Astronomy and Astrophysics, volume 310, 813-824 (1996/6-3)
Hybrid stars and the reality of "dividing lines" among G to K bright giants and supergiants.
REIMERS D., HUENSCH M., SCHMITT J.H.M.M. and TOUSSAINT F.
Abstract (from CDS):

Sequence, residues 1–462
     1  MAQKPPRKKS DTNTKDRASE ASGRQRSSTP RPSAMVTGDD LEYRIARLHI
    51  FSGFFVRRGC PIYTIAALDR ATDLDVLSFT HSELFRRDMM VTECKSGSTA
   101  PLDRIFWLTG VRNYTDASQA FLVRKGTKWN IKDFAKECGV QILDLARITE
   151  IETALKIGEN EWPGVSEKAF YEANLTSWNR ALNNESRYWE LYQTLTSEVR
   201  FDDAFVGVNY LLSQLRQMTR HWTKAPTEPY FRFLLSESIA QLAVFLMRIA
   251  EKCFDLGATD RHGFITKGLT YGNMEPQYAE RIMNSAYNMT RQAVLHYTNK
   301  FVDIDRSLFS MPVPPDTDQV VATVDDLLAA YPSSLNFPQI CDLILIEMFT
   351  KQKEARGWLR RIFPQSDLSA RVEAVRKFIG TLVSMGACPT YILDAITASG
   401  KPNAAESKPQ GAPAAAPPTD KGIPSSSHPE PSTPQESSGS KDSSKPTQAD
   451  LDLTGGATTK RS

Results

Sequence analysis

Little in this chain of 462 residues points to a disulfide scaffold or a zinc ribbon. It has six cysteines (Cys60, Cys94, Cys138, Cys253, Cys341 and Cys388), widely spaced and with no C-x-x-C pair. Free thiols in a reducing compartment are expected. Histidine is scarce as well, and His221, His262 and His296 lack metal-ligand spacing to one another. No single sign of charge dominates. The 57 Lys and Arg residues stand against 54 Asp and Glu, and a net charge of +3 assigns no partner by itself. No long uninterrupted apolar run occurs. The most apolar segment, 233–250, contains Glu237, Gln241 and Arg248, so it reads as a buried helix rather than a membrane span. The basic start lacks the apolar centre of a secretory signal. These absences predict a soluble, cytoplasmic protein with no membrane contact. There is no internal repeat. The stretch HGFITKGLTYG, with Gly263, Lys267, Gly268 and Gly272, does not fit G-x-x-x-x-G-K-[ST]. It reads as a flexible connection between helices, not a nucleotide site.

We present results of pointed ROSAT PSPC observations of 15 hybrid stars/candidates, which have been analyzed in a homogenous way. 7 of these stars were observed in X-rays for the first time. 12 out of 15 hybrid stars have been detected as X-ray sources, some of them close to the detection limit. We conclude that essentially all hybrid stars as defined by the simultaneous presence of transition region line emission and cool stellar winds are X-ray sources if exposed sufficiently deep. The X-ray luminosities of hybrid stars cover a range between 2x1027 and ∼1030erg/s. Their X-ray surface fluxes can be as low as ≃20 erg/cm2/s and thus considerably lower than those of normal luminosity class (LC) III giants. X-ray spectra of hybrid stars tend to be harder than that of normal LC III giants, moreover, the X-ray brightest stars have the hardest spectra. We find that for K II giants the normalized X-ray flux versus C IV flux obeys a power law with an exponent a=2.9, steeper than among normal giants (1.5). Hybrid K II stars are X-ray underluminous by a factor of 5 to 20 compared to LC III giants at the same level of normalized CIV flux fCIV/fbol; hybrid G supergiants are even more X-ray deficient. We reanalyze the CaII wind dividing line and find it vertical at B-V=1.45 for LC III giants. It is nearly horizontal between B-V=1.45 and 1.0 (at Mbol≃-2...-3), and not well defined for supergiants with B-V<1.0. We therefore suggest that possibly all LC II and Ib G and K giants are hybrid stars and that the "dividing line" concept in its simplest form is not valid for G/K giants brighter than Mbol≃-2. Hybrid stars are supposed to be evolved intermediate mass stars and their coronal activity may in principle be determined by the individual history of each star.